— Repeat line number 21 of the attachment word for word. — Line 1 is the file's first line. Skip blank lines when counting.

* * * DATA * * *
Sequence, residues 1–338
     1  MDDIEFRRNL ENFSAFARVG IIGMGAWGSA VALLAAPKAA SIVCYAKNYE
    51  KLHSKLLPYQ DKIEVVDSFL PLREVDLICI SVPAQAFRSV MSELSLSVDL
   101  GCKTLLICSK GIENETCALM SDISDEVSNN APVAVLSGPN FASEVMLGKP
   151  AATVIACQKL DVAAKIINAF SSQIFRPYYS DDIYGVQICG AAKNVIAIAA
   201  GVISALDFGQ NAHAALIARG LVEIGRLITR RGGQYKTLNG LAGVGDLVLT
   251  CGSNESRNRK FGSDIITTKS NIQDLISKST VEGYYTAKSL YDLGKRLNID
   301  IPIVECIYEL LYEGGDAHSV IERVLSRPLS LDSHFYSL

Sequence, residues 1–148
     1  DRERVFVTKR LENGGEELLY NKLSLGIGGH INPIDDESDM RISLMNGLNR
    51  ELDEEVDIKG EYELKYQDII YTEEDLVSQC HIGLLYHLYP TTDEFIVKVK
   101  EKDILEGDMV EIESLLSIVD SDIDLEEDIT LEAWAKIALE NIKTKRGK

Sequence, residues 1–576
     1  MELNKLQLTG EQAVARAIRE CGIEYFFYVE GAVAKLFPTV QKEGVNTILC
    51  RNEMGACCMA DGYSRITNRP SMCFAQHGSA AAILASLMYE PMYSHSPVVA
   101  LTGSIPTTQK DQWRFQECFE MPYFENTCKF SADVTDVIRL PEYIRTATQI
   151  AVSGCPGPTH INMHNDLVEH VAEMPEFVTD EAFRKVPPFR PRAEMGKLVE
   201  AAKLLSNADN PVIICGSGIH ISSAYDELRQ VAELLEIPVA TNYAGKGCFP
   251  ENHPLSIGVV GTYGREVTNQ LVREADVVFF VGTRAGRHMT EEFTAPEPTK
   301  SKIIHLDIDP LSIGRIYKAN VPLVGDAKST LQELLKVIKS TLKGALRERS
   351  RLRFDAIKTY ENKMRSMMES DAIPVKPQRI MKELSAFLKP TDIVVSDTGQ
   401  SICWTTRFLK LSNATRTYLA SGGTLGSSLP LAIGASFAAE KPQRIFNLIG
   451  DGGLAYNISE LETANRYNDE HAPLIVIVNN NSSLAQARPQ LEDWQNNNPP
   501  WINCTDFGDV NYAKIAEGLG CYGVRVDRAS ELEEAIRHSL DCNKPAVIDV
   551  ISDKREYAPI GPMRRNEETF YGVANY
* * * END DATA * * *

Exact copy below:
   351  RLRFDAIKTY ENKMRSMMES DAIPVKPQRI MKELSAFLKP TDIVVSDTGQ